In Yoo's famous memo, dated March 14, 2003, addressed to to William Haynes, then General Counsel at the Department of Defense, Yoo supposedly was answering Haynes/DoD's questions concerning "both domestic and international law that might be applicable to the conduct of... interrogations" of "alien unlawful combatants held outside the United States." Upon public release of the memo, it seemed to many as if Yoo were advocating an "anything goes" attitude towards torture and interrogations.

Among other instances where Yoo stretched or distorted the law to facilitate use of coercive and heretofore illegal forms of interrogation, Yoo examined the use of mind-altering drugs on prisoners. He noted that in the law against torture (emphasis added):

... [18 U.S.C.] section 2340(2)(B) provides that prolonged mental harm, constituting torture, can be caused by "the administration or application or threatened administration or application, of mind-altering substances or other procedures calculated to disrupt profoundly the senses or the personality." The statute provides no further definition of what constitutes a mind-altering substance. The phrase "mind-altering substances" is found nowhere else in the U.S. Code nor is it found in dictionaries. It is, however, a commonly used synonym for drugs.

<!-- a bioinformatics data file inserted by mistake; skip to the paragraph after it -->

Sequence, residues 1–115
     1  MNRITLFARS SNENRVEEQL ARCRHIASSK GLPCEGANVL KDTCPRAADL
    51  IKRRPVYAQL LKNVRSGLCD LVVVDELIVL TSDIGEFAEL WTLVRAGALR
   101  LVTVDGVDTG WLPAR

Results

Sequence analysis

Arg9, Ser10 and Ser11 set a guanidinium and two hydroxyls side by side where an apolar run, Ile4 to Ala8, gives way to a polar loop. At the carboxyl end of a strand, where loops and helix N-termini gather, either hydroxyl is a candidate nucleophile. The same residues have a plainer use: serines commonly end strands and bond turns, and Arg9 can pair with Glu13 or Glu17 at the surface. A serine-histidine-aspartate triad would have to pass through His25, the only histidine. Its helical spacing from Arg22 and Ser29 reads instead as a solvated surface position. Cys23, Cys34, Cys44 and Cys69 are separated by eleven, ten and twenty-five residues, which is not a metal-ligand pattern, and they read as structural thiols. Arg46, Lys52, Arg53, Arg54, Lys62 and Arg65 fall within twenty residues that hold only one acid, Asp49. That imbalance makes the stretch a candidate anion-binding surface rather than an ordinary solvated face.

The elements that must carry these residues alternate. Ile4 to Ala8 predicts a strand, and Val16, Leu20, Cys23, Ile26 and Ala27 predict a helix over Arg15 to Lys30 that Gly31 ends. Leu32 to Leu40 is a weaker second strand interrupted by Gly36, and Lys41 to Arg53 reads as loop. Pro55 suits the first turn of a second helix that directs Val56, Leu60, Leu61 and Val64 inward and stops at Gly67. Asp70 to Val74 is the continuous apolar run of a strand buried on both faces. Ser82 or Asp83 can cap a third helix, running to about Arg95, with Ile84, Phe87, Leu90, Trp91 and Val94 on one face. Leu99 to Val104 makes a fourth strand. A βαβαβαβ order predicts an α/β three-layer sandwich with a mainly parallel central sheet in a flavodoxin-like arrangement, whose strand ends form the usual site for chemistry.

Yoo twists and massages the possible meanings of the law to make it say what he wants:

For drugs or procedures to rise to the level of "disrupt[ing] profoundly the senses or personality," they must produce an extreme effect. And by requiring that they be "calculated" to produce such an effect, the statute requires that the defendant has consciously designed the acts to produce such an effect....